[4] The ADEA now covers individuals who are at least 40 but less than 65 years of age. 29 U.S.C. § 631. Under the ADEA Amendments of 1978, the upper limit will be 70 years of age as of January 1, 1979. P.L. 95-256 § 3.

[5] In response to the following questions by the Secretary's attorney, Stein gave the following answers:

"Q. Isn't it true that you would have lent him the money yourself except that you did not want your business partners to know that you were affiliating with Knittin Pretty?

"A. I thought there was a moral issue here. It was strictly moral. I had no restrictive covenants. I thought in terms of keeping this new projected enterprise to a separate and distinct basis. I felt that my personal money should not be involved.

"Q. Did you also feel that way about your personal services being involved?

"A. No, I felt very generous and very willing to help my son." Tr. at III-46-47.

[6] At trial Leonard claimed that he could not remember how much money his mother lent him. Tr. at III-162. Stein testified he did not know the amount of the loan, although he did know that his wife had a substantial sum of money to lend Leonard. Tr. at III-46. Knittin Pretty's income tax return for 1973 shows $31,361.76 in loans from stockholders and $10,000 in common stock.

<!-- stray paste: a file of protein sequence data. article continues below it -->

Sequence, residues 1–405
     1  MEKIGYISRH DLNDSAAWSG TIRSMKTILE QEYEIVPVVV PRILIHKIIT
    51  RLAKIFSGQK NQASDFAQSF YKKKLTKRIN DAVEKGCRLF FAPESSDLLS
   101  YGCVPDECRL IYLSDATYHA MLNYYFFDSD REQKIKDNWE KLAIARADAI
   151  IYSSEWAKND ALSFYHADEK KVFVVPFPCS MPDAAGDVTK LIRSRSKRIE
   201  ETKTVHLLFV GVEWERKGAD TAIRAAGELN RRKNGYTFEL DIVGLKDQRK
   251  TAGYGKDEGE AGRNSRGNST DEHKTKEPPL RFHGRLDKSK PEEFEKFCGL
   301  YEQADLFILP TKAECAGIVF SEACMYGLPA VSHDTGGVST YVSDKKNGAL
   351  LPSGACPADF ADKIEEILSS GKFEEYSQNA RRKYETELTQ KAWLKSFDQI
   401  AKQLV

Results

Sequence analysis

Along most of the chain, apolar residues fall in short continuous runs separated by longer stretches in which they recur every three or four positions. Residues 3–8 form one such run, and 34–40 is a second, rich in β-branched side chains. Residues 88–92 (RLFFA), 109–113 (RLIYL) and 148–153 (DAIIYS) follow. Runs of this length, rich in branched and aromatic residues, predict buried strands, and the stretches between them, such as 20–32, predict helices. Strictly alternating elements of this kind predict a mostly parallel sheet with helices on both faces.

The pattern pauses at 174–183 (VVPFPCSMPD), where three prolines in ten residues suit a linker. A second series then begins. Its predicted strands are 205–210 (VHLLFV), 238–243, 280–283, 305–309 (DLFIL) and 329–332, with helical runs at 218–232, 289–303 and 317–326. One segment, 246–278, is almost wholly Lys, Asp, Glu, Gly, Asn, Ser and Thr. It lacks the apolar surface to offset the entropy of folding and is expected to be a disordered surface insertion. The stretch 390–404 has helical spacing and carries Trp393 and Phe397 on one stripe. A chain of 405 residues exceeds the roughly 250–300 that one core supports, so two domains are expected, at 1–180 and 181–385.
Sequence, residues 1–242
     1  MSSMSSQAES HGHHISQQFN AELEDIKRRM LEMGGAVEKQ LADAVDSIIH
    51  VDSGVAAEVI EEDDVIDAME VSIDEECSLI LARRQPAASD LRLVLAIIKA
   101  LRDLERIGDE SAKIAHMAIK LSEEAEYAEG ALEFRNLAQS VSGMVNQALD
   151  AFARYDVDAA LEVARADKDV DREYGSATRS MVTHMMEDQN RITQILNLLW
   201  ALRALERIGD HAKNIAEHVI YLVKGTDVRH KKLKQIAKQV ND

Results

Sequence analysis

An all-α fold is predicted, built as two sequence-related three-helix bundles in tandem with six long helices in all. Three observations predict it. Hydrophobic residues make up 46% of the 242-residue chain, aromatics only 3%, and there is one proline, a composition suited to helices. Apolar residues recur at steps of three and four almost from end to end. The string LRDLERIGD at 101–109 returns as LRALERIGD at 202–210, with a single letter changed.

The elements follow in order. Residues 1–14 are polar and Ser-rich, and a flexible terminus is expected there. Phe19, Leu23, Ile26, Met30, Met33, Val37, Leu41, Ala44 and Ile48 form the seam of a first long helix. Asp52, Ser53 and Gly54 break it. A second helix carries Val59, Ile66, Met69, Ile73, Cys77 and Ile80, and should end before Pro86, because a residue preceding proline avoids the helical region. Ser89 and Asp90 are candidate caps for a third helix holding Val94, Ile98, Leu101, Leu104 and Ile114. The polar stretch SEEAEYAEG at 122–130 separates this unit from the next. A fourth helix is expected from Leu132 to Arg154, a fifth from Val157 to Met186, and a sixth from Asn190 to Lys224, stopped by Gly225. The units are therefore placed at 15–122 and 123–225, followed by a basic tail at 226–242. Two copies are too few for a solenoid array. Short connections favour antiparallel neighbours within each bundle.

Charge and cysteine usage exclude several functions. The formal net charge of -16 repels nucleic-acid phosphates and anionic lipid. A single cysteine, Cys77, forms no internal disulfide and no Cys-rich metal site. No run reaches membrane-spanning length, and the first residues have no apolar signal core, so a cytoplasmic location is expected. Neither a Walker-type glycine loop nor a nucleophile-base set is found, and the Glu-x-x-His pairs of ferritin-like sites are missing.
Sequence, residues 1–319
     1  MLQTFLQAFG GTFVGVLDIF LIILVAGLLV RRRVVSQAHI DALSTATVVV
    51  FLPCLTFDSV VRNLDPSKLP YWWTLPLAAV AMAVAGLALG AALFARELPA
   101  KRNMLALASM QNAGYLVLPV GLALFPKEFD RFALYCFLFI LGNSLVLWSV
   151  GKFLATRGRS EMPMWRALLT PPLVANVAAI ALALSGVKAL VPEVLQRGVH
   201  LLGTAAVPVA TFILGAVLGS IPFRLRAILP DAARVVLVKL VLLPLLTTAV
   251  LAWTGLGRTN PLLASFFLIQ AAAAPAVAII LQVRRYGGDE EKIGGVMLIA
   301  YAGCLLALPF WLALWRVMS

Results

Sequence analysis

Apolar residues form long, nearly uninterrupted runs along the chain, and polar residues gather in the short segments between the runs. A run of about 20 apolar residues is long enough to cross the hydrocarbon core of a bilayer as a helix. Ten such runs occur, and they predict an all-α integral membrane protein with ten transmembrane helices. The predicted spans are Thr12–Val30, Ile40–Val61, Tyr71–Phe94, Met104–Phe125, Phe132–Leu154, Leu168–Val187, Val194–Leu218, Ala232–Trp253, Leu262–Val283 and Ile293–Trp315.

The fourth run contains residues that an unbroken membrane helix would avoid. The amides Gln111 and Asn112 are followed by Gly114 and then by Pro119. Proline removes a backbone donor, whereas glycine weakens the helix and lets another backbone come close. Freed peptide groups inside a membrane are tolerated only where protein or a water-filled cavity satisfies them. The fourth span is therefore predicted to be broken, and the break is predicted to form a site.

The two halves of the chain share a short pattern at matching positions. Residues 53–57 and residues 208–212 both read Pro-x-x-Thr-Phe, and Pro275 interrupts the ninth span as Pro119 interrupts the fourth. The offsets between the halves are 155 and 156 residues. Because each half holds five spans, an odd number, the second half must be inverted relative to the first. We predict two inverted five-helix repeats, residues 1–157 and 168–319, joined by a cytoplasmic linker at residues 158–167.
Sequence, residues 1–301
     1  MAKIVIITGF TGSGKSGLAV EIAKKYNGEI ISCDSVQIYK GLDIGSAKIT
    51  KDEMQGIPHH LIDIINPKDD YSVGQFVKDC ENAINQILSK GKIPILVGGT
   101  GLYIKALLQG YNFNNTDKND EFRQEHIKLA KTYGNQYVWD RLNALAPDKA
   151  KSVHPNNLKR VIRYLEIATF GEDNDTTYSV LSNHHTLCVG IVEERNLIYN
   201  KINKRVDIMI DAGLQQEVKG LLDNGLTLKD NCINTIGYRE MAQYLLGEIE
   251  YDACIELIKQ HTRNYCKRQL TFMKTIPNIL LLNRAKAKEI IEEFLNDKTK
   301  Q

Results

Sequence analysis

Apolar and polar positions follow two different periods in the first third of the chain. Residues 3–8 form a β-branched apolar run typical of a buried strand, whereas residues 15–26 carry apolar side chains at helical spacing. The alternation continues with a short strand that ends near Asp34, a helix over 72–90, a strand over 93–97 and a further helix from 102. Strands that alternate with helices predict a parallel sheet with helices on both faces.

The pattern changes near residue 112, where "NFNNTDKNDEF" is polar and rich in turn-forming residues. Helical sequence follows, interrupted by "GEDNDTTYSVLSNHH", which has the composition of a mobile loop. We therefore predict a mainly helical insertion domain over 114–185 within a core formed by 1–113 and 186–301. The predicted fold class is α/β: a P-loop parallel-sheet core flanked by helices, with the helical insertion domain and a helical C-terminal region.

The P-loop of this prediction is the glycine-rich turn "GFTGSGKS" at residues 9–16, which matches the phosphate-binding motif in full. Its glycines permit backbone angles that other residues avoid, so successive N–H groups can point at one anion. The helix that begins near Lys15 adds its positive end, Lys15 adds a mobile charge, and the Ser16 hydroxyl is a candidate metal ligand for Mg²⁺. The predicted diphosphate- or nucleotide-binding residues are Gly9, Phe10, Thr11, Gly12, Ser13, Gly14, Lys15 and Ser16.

[7] Each year Arlene had four lines of knitwear: the spring, summer, fall and holiday lines. The designers worked on each line about three months, after which it would be put into production. When the designers completed the holiday line in August 1973, the remaining employees of Arlene and Swan still had several months of work manufacturing and selling the garments in the line further indication that there was to be no "liquidation" of the business.